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Chiwenga: Zimbabwe President, Ousted Vice President to Meet

In this handout photos, President Robert Mugabe poses with General Constantino Chiwenga at State House in Harare, Zimbabwe, Nov. 16, 2017.
In this handout photos, President Robert Mugabe poses with General Constantino Chiwenga at State House in Harare, Zimbabwe, Nov. 16, 2017.

Zimbabwe President Robert Mugabe has agreed to meet with the vice president he fired, the Commander of the Armed Forces, General Chiwenga, announced Monday at a press conference.

“The Zimbabwe Defence and Security Services are encouraged by new developments which include contact between the president and former Vice President, Comrade Emmerson Dambudzo Mnangagwa who is expected in the country shortly,” said Chiwenga, adding the two are expected to hold talks.

Mnangagwa, whose whereabouts have been a subject of speculation since his abrupt dismissal by President Mugabe, has not been seen in public.

The Zanu-PF Central Committee on Sunday resolved to make Mnangagwa the party’s interim-president, first secretary and presidential nominee for the 2018 election, after stripping President Mugabe of all the above titles. Mnangagwa is expected to be endorsed during the party’s Extra Ordinary Congress scheduled for Dec. 12th – 17th.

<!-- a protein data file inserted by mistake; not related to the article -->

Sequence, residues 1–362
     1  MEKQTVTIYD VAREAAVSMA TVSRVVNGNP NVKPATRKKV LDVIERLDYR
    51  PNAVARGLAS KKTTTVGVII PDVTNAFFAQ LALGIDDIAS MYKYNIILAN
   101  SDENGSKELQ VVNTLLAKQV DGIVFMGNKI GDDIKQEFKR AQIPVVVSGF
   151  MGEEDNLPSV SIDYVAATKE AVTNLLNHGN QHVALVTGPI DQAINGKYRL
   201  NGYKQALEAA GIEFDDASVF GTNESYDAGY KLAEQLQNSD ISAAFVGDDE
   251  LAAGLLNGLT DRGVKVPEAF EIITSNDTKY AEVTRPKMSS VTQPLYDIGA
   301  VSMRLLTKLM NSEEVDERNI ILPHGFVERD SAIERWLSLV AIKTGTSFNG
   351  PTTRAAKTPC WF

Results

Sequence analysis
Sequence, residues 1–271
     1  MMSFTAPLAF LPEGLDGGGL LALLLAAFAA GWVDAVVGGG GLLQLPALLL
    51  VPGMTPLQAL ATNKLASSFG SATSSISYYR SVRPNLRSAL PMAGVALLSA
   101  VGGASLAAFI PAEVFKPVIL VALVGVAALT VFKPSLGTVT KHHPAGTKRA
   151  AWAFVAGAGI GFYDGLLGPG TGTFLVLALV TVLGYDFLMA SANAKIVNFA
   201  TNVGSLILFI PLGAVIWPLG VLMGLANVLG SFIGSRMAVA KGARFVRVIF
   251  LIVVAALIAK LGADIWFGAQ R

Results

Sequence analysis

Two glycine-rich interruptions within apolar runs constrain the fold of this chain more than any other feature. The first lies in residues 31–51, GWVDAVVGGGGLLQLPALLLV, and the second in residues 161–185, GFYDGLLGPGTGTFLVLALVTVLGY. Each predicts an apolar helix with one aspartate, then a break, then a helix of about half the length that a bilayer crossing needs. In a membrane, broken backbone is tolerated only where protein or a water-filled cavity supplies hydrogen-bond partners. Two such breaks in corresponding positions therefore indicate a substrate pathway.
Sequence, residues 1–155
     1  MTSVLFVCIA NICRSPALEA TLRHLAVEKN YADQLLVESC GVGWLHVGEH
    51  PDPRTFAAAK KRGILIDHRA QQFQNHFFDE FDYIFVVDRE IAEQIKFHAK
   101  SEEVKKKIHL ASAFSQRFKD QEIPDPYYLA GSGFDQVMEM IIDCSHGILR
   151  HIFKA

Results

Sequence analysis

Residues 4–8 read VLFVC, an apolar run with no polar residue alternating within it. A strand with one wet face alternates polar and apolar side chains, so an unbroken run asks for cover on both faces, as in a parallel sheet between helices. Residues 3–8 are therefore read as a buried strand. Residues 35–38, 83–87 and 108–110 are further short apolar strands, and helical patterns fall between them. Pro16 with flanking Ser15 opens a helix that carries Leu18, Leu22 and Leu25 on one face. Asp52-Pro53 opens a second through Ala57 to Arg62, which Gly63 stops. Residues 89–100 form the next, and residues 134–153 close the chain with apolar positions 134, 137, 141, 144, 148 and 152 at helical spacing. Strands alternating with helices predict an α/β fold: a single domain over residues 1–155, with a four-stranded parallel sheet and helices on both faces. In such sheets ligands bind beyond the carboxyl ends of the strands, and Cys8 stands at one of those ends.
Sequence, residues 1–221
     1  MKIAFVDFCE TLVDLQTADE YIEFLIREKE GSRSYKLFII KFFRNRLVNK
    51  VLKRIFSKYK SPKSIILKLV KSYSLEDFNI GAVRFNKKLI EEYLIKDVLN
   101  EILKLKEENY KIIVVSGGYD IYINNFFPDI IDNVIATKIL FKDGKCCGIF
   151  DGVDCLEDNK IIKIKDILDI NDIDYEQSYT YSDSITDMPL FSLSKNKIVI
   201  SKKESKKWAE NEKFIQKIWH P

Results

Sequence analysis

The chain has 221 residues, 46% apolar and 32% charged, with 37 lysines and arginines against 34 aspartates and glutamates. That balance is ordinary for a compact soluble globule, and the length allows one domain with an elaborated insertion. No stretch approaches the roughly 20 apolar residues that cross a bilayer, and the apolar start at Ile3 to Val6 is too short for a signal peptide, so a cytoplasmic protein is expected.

Continuing with the claim that the military had not staged a coup and that President Mugabe was still running the country, General Chiwenga offered that they had met with Mr. Mugabe under an “atmosphere of mutual respect.”

Referring to Mugabe as president and Commander in Chief of the Defence Forces, Chiwenga said President Mugabe was already acting on promises to address concerns raised by the generals and citizens over the economy, saying that he “has started processes toward a definitive solution and road map for country.”

General Chiwenga echoed Mr. Mugabe’s acknowledgement and appreciation of the peaceful demonstrations staged by citizens Saturday, calling on President Mugabe to step down.

Chiwenga assured Zimbabweans that as Defense and Security Services, their role was to maintain peace and order during what he called the “execution of Operation Restore Legacy.”

“We remain a people’s force and security services which is why upper most on our mind is the conclusion of this operation with the minimum inconvenience and certainly without any collateral loss of life, injury or destruction of property.”

Mr. Mugabe defied his party’s orders on Sunday to step down within 24 hours following a Central Committee meeting in Harare, which withdrew him from the post of president and secretary of the party.

Instead of responding to these demands, Mr. Mugabe told the nation that all was well and acknowledged that there were issues that needed to be addressed in the country currently facing serious economic decline.

The ruling party is expected to start his impeachment process Tuesday.

General Constantine Chiwenga, Commander of the Zimbabwe Armed Forces
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